As he soon learned, Javelin is much more complicated than just throwing a spear. The best javelin throwers have spent decades perfecting their technique. And when I tried to just pick up a javelin and throw it for fun, the result was too embarrassing to share here.

First, there’s the run-up, the series of steps where the thrower is building up speed and momentum. This begins with a traditional run and transitions into crossover steps before the actual throw. The crossover steps are when a thrower swivels his shoulders and hips and orients his body to prepare to release without sacrificing velocity. As a result of the run-up, some athletes can throw the javelin at speeds up to 30 meters per second, or about 100 kilometers per hour!

As the thrower prepares for the delivery, there has to be a transfer of energy from the body to the javelin itself. This process is started by planting the back foot while still keeping the throwing arm as straight as possible. The front foot continues the transfer by stopping and planting in as straight and rigid a manner as possible. This abrupt stop will force the body to swing around as momentum continues to carry it forward. The athlete must control this swing yet remain rigid in the front foot as much as possible to generate the most force.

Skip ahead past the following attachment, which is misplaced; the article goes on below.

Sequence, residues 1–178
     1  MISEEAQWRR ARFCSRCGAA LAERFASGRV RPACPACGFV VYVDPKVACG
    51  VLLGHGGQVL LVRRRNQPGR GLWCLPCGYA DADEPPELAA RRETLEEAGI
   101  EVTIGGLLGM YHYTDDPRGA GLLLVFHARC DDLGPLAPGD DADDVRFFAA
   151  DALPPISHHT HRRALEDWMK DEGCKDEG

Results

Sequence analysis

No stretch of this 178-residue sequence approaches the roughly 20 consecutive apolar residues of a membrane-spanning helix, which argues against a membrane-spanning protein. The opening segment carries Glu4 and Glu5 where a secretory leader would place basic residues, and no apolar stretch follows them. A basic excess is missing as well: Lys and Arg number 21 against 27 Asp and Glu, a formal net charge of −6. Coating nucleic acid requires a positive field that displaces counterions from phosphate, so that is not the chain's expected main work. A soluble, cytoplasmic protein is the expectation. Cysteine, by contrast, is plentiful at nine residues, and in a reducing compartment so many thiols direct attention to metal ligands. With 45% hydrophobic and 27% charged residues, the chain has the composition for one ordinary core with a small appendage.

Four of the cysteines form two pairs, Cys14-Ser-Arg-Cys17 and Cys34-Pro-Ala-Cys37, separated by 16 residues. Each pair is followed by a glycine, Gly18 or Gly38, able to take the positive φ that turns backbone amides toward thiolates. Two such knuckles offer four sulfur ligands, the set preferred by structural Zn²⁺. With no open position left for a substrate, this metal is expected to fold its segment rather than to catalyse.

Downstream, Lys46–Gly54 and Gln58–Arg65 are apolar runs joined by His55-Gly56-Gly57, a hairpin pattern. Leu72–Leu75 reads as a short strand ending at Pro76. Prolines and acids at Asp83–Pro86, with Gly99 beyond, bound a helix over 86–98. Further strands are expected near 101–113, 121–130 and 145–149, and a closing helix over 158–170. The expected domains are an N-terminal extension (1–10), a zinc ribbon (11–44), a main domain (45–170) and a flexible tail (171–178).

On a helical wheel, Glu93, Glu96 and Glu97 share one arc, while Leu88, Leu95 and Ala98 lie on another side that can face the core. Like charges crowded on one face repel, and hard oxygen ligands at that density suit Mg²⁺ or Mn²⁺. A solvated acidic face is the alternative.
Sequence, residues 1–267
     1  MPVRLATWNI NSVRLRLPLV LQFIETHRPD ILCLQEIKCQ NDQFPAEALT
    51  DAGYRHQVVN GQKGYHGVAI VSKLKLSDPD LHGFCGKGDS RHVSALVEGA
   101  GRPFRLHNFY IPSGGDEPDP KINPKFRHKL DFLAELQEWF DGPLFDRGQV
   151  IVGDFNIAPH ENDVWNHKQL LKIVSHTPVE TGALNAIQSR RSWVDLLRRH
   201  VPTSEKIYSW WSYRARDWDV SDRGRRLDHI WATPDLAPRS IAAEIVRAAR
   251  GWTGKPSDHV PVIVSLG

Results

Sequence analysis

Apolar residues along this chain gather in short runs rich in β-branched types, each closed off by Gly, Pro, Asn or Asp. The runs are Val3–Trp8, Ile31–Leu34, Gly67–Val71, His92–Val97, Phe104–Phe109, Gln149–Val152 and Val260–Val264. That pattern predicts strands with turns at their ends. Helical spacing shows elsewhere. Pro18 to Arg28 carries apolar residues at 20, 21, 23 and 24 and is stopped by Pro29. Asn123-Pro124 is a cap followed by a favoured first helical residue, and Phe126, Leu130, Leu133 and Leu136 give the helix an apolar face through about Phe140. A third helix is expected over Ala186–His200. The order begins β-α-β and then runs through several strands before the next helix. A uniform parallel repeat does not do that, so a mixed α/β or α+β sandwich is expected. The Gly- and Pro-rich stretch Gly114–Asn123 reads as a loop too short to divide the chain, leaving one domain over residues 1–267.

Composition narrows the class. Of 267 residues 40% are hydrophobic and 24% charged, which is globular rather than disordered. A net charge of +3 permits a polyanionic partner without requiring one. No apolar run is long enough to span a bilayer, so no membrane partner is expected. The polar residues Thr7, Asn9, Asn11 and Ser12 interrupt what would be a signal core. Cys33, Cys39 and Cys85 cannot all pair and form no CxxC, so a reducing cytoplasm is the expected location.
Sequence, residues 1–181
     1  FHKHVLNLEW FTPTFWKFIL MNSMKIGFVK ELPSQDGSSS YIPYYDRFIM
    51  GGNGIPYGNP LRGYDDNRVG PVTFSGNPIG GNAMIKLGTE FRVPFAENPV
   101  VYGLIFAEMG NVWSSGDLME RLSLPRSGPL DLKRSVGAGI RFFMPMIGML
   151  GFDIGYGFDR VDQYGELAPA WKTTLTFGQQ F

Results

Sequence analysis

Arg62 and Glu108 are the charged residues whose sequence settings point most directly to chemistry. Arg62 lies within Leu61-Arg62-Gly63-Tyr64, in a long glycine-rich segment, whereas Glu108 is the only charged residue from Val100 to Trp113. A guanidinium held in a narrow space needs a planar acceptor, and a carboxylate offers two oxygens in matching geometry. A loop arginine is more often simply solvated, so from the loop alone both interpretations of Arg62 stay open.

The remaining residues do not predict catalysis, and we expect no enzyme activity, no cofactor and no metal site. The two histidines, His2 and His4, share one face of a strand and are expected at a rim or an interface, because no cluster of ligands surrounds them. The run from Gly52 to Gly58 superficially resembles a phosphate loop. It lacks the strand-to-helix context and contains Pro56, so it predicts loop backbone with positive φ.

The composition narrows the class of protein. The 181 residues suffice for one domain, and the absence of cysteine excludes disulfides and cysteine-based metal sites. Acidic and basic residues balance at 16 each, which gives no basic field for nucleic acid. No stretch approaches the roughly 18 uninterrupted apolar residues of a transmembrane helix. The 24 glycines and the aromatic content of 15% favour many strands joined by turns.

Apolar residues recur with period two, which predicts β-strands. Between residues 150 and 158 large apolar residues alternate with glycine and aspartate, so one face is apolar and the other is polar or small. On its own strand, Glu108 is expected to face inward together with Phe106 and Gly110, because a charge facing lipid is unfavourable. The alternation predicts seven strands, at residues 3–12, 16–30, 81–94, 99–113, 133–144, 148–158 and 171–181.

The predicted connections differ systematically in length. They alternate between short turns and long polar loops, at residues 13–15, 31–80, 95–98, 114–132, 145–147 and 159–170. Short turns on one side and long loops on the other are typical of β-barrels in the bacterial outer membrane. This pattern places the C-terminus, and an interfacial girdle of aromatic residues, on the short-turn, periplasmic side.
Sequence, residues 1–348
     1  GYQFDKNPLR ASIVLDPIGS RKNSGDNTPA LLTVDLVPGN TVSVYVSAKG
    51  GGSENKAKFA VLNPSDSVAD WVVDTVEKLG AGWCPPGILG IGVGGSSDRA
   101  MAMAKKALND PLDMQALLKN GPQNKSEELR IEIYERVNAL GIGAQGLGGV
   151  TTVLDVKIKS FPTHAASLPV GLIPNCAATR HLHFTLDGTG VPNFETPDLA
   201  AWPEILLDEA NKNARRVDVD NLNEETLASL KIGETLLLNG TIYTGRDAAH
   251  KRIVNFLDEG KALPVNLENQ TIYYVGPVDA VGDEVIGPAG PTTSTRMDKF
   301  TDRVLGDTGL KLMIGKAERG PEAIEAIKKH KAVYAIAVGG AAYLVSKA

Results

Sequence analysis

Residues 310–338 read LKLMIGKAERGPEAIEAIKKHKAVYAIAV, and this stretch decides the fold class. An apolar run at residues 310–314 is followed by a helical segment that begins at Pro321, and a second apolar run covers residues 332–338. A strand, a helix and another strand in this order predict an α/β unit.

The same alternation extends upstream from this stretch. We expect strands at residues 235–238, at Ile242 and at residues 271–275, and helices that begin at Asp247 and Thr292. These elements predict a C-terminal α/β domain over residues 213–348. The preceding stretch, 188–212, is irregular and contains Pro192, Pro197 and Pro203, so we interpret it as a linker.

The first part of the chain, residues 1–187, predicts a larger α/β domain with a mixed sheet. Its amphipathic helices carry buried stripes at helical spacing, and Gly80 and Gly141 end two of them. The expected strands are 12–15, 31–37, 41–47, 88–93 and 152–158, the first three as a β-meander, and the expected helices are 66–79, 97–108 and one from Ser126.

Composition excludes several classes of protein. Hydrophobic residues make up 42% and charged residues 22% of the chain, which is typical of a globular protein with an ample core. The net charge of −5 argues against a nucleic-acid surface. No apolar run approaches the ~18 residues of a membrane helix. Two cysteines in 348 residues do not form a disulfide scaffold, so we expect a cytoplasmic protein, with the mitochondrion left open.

Once the front foot plants, a chain reaction of sorts proceeds up the body, transferring force and energy from the legs to the javelin through a series of joints. The back knee swivels forward, followed by the back hip, moving upwards to the shoulder, out to the elbow and finally the javelin.